Labour's demand to double CPP/QPP benefits 3

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MegB
Labour's demand to double CPP/QPP benefits 3

Continued from here.

Issues Pages: 
ygtbk

Testing that I can actually post here. The new posting UI is breathtakingly bad.

Back in the land of actual content, the G&M has a piece on the Liberal proposals here:

[[http://www.theglobeandmail.com/news/politics/liberals-push-personal-savi...

Much as I have an instinctive distrust of journalists explaining to me "what the proposal REALLY means", it doesn't seem like a bad summary.

Unionist
ygtbk

Thanks, Unionist. I put the url inside double square brackets, as stated in the instructions at the bottom of the new-format posting page at the time I posted, but that clearly didn't work.

ygtbk

Here's a story on the NDP proposal:

http://www.theglobeandmail.com/news/politics/layton-promises-to-double-public-pension-payouts/article1969630/

It looks to have a lot of common ground with the Liberal proposal, and to be more definite about how much to increase CPP and by when. It also seems to include a defined-contribution, low-management fee option.

Unionist

BRAVO to Jack Layton and the party for putting the CPP/QPP, GIS, and workplace pension protection demands right back in the public domain!

I'm particularly pleased that Jack is simply pushing the same demands as were previously promoted by the NDP, the CLC, the Québec union centrals, seniors' and retirees' organizations - instead of feeling he has to introduce some new spin or glitz for the sake of an election campaign. It is this consistent approach which will keep the issue on the agenda, election or no election, and reassure the workers' organizations that they do have a political champion on these fronts.

 

KenS

That steadiness in the message and keeping it out there is crucial.

For as long as he is in power, Harper can stand in the way of the plan moving forward. But that isnt forever, and the scope of funding public pensions is a much longer time frame than governments.

It would be a serious mistake for people to fall into thinking this is hill to die on now. I know labour isnt doing that, and good that the NDP is not. With the important benefit that as long as the issue is kept out there, all except the seriously reactionary provincial governments are supportive. Some of them continue to bring the issue up of their own accord- like Nova Scotia, and I think Ontario.

[Note: I dont count Quebec's government as seriously reactionary, even with Charest. Their joining of Alberta to giving Flaherty cover to do the bait and switch was rerehensible. But I bet even without a change of govt they are easily enough brought back in the fold. And probably did the back stab to get the HST deal money.]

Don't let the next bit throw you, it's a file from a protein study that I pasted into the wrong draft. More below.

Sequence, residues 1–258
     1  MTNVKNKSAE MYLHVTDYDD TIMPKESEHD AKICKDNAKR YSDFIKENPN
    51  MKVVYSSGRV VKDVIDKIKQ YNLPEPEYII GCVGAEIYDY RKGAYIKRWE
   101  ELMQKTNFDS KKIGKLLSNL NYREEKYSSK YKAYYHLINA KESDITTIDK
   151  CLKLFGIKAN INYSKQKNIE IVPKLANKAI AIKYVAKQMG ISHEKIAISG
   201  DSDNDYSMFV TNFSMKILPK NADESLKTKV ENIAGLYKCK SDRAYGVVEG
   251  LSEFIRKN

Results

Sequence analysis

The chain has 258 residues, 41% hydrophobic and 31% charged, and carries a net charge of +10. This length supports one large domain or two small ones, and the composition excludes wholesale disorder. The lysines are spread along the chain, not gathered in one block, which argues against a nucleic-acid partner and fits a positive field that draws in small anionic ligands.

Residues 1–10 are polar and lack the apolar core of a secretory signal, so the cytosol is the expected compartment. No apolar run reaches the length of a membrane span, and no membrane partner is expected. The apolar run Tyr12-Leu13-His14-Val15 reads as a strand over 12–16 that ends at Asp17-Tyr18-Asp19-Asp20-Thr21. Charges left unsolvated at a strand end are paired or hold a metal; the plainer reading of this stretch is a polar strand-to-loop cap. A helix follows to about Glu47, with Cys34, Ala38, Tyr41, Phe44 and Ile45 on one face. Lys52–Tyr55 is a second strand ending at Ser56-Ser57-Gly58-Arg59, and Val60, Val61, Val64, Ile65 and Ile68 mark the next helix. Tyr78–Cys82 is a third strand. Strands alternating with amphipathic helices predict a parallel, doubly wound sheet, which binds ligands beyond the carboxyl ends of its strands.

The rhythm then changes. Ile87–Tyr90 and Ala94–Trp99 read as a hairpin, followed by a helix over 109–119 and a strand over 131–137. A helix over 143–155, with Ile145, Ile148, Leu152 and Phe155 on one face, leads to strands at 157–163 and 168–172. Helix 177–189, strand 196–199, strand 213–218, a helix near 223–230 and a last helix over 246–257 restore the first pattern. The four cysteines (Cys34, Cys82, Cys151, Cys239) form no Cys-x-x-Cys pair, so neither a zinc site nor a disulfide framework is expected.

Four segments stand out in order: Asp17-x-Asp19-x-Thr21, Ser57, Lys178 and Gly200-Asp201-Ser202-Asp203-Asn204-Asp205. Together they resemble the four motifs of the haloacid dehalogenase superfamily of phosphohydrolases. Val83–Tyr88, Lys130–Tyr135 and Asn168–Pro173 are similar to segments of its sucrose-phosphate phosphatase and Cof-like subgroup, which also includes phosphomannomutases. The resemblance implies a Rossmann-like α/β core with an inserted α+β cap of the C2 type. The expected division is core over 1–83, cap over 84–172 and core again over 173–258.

Gaian

Unionist wrote:

BRAVO to Jack Layton and the party for putting the CPP/QPP, GIS, and workplace pension protection demands right back in the public domain!

I'm particularly pleased that Jack is simply pushing the same demands as were previously promoted by the NDP, the CLC, the Québec union centrals, seniors' and retirees' organizations - instead of feeling he has to introduce some new spin or glitz for the sake of an election campaign. It is this consistent approach which will keep the issue on the agenda, election or no election, and reassure the workers' organizations that they do have a political champion on these fronts.

 

Now let's see what the Supreme Court does in its upcoming decision regarding workers' claims on underfunded pension plans in cases of company bankruptcy. The Ontario Court of Appeal ruled on the side of workers in a case this April. Indusgtry lawyers warn that the appeal court ruling "could spell trouble for companies trying to restructure under bankruptcy protection, according to a Canadian Press story. "Potential lenders could b e scared away if pension plans get priority when a company is wound up, they say." The appeal court said the decisions on distribution of the funds would have to be decided on a case-byo-case basis.

Seems to me that this would be a perfect opportunity for the NDP to campaign on - a return to support for - and expansion of - public pension systems to remove uncertainty for workers while leaving companies a freer hand in their attempts to re-structure. WE certainly MUST overcome the Alberta/Quebec promotion of the insurance industry plans - the idea that they are of benefit to any but the financially independent.